Archive for the ‘Dan’ tag
Stories from The Shard came to the forefront of the national and international press at the start of April. Brad and Otter simultaneously posted reports on their blogs and within 48 hours, every major newspaper and broadcaster with any interest in London or the forthcoming Olympics was seeking information and interviews from anybody who explored in London, to run front page stories. Read the rest of this entry »
When it snows, go in Drains. A few Gentlemen and I decided to participate in COTS in December 2010, having seen a few delightful pics of the system online. This section of Collossus of the South was everything I was expecting it to be, more impressive even than Hastings’ Stinger storm drain, with a deliciously different feature; the plughole that leads down from the Victorian sections.
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Much to Otter‘s chagrin, ‘Verticality‘ has entered the vernacular of the current London ‘UE’ Set. Discussed at length on Placehacking, where Brad first coined the concept, it sits alongside ‘Edgework‘ and the much derided ‘Prohobo‘ as a term that wouldn’t neccesarily mean a lot to anybody else, but is in somewhat regular usage among this group of individuals. Read the rest of this entry »
“Whoever does not miss the Soviet Union has no heart. Whoever wants it back has no brain.” (Vladimir Putin, 2000.)
Take your eyes off the pothole ridden minor roads of the former DDR and chances are you’ll be looking at something concrete that was built by the Soviets. My introduction to the remains of the Soviet Union came in 2008, with the Beelitz-Heilstätten sanatorium providing an ample opportunity for a day of roaming around the vast, derelict campus, taking photos of the peeling paint and lnely chairs. Although at the time I visited, I understood little of the involvement of the Soviet Union in this complex’s history, my interest has evolved and I’ve learned of the Sanatorium’s footnote as the ultimate destination for the DDR’s president Erich Honecker as his country collapsed into westernisation. Read the rest of this entry »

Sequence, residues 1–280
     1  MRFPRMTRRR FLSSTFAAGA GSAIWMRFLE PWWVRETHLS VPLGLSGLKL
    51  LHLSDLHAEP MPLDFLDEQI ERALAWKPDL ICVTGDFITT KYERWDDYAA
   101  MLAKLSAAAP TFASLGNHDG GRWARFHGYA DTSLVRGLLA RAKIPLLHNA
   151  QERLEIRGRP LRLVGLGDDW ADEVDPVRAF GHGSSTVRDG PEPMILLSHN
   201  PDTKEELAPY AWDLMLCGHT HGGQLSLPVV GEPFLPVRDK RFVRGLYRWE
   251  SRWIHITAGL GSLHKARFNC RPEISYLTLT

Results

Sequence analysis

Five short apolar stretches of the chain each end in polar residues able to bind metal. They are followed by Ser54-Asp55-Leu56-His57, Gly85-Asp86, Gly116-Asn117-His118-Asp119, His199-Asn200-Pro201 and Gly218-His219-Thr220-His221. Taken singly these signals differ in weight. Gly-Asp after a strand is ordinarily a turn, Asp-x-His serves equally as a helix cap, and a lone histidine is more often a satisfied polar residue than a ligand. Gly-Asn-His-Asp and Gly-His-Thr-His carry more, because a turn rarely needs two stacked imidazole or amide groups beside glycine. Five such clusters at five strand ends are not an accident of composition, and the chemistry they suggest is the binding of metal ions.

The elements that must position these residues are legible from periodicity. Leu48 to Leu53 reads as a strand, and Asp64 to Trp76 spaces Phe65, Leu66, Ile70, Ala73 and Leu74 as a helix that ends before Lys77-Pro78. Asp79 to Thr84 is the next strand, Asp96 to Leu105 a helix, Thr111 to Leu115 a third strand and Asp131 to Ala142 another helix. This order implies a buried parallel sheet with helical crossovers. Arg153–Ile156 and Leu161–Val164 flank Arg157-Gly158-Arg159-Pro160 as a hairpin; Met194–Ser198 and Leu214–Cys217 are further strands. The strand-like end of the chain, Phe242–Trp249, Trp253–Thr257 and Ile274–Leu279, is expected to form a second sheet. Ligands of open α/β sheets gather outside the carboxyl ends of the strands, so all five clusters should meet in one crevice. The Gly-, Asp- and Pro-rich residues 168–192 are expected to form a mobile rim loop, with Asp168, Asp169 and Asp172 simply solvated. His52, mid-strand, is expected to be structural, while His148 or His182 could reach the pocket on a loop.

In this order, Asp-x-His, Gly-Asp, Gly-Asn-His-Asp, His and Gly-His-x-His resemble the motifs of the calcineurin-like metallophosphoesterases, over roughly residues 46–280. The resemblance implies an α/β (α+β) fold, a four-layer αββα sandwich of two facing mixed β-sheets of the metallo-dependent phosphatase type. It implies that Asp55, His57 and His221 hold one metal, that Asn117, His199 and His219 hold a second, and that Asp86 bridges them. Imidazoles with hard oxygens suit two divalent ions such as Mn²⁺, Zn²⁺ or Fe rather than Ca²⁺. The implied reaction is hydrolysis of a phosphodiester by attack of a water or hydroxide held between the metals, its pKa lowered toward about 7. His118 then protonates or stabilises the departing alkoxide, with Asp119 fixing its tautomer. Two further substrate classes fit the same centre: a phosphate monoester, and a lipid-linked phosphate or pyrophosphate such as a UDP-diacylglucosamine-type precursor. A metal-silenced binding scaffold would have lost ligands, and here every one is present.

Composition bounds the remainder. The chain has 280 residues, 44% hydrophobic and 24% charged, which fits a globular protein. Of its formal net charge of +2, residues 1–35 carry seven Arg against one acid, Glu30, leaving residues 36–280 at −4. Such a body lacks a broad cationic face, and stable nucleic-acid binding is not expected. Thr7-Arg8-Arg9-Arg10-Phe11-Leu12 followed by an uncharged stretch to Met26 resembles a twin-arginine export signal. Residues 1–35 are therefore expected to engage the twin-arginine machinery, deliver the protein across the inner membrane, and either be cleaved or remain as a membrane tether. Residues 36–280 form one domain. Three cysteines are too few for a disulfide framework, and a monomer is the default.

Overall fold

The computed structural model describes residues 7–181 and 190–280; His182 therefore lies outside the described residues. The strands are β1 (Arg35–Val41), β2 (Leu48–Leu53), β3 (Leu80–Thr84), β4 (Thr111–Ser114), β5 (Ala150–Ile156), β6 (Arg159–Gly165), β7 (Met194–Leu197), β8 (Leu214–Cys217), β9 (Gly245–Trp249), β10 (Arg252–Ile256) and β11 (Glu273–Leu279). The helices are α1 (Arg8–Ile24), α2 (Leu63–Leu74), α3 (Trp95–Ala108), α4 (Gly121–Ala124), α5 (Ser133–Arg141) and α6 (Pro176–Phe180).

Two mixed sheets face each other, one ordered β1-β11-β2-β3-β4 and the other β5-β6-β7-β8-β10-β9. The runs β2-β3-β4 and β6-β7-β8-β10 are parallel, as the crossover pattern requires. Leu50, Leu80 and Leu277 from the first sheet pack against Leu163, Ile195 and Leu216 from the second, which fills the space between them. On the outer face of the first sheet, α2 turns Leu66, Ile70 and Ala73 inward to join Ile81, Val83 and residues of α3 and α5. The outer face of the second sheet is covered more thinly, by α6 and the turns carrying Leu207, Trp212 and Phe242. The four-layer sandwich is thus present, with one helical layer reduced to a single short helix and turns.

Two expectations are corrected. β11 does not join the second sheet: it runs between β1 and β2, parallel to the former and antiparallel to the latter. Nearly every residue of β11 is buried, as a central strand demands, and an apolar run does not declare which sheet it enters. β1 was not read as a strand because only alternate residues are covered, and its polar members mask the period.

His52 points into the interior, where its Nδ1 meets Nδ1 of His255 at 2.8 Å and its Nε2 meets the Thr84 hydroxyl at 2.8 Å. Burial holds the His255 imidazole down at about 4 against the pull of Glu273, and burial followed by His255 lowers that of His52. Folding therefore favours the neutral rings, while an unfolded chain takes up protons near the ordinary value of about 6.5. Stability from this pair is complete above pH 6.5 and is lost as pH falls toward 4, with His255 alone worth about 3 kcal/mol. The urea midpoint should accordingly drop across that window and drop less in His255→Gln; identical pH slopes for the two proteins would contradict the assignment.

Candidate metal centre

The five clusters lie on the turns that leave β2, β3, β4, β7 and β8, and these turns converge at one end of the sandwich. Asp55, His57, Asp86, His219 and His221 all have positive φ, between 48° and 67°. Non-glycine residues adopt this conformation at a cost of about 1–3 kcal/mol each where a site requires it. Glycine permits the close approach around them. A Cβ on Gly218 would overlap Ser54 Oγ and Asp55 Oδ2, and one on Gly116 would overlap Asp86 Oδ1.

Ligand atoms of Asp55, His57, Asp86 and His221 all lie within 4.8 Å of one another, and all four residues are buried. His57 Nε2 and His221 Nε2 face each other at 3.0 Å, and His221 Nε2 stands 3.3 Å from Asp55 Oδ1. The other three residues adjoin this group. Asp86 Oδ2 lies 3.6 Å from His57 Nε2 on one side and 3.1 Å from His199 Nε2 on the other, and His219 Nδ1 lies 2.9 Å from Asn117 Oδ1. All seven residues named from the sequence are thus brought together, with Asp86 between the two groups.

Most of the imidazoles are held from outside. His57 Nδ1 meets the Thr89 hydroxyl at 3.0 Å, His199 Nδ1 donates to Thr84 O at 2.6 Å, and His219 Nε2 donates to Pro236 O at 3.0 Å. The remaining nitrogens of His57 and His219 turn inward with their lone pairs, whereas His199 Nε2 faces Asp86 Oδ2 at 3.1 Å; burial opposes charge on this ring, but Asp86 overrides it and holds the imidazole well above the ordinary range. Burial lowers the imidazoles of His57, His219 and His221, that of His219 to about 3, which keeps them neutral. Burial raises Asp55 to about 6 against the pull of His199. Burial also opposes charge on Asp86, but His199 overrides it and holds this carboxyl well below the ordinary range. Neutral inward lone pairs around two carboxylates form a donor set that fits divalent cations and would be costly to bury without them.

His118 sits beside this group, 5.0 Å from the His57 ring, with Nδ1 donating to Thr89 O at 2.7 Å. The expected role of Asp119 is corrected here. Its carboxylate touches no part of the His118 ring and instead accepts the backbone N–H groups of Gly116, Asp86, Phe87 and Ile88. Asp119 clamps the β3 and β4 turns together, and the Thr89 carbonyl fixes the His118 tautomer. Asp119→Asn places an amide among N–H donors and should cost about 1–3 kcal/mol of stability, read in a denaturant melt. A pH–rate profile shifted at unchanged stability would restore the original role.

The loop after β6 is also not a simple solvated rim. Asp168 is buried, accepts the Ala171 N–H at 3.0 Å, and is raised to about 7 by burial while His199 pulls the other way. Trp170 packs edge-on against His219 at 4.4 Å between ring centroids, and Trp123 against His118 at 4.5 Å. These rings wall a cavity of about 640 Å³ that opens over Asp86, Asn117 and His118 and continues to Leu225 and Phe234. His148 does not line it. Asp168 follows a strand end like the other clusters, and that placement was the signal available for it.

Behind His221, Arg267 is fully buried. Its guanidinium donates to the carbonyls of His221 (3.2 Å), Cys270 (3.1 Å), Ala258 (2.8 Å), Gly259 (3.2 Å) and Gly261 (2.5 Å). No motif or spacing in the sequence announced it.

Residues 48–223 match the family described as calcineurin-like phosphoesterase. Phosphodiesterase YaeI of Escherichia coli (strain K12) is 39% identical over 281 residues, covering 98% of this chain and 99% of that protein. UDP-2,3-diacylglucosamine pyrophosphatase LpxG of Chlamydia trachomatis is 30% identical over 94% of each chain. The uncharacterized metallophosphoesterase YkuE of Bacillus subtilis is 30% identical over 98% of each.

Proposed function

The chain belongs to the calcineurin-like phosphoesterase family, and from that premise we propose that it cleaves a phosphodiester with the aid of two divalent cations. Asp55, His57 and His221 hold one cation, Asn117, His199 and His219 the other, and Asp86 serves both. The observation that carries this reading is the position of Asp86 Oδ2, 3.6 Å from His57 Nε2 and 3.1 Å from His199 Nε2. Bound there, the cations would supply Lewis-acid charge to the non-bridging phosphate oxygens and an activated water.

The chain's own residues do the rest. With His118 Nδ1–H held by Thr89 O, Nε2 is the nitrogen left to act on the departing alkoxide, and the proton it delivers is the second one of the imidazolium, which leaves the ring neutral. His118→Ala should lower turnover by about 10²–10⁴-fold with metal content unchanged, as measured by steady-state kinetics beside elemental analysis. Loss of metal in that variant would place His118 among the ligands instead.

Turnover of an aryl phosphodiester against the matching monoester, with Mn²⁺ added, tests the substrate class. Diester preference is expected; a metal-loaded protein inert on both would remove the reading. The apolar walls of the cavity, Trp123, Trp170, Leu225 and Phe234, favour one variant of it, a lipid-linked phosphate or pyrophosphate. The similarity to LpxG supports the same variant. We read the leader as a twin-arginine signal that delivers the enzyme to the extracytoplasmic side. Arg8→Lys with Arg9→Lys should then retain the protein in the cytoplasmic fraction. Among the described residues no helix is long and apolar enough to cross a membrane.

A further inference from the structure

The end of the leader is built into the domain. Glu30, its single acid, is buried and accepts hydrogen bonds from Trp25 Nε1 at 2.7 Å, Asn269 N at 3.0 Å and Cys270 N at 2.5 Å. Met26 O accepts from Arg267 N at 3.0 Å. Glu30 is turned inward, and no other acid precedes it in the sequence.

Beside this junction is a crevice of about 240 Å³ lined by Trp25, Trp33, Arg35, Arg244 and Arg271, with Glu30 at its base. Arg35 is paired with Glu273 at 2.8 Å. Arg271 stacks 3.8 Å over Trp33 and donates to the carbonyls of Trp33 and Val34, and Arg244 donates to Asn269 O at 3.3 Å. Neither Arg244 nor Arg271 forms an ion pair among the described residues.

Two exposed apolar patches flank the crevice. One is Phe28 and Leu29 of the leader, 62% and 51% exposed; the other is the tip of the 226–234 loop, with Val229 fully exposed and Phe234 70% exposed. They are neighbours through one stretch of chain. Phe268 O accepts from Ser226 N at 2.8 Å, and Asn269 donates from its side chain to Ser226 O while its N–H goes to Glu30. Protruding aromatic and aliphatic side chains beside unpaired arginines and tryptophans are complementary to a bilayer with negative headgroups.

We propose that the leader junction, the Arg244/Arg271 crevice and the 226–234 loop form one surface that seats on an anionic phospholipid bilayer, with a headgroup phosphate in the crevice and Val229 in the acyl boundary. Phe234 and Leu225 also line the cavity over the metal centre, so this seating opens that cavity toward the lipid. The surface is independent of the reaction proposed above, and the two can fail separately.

“Are you from one of those groups?” the police officer asked me. “You know, Anarchy?”. Quite evidently, he didn’t have a clue what 8 of us were doing on a rooftop with a barbecue, but his perception of our intentions was grossly wide of the mark.
Dan’s boiler was bust, so he stayed in to wait for the landlord. I turned up, attacked it with a hammer and it worked again. We went out to play when Neb got here, choosing to walk half a mile into a road tunnel that tastes of death. We ended up dropping from one tunnel into another, finding a tunnel reminiscient of many of the cable runs in central London.
Fresh off the presses at the Reading Evening Post, the Town’s final B was to close. Biscuit production in the town had ceased in 1974 with the closure of Huntley and Palmers, bulbs in 1976 when Suttons’ Seeds relocated to Devon, and finally on April 2nd 2010 the Courage brewery was closed, with the production absorbed by the rest of the network. The only remnant of Reading’s industrial past was to be the buildings left behind, or a natty bar underneath the town hall bearing the name, “The Three B’s”
As ever the routine was followed. Park up, kit up, get down. We entered down concrete steps into an overflow chamber which had a drophole into what I assumed was the Fleet Storm Relief: from this we could climb into the sewer ‘proper’. The water was shin deep and although not bearing an overly heavy flow, was noted.
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The International Drain Meet was a celebration of drainors, and a great chance to meet parties from other areas that we haven’t taken the opportunity to acquaint ourselves with yet. Represented were London, Manchester, North East England, Paris, Canada, Brescia Underground and UE Kingz, and it was a pleasure to meet and spend time in The River Westbourne with all present.
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A certain unease always sets in when down on London’s underground train lines. Attemping to access the very same set of tracks a week previously had seen us facing a train coming towards us, well after service. Although we we have always been aware of the risks associated with this sort of activity, the unpredictable London Underground network of tubes and cut and cover never lose that ability to unnerve.
Cut and Cover Tunnel
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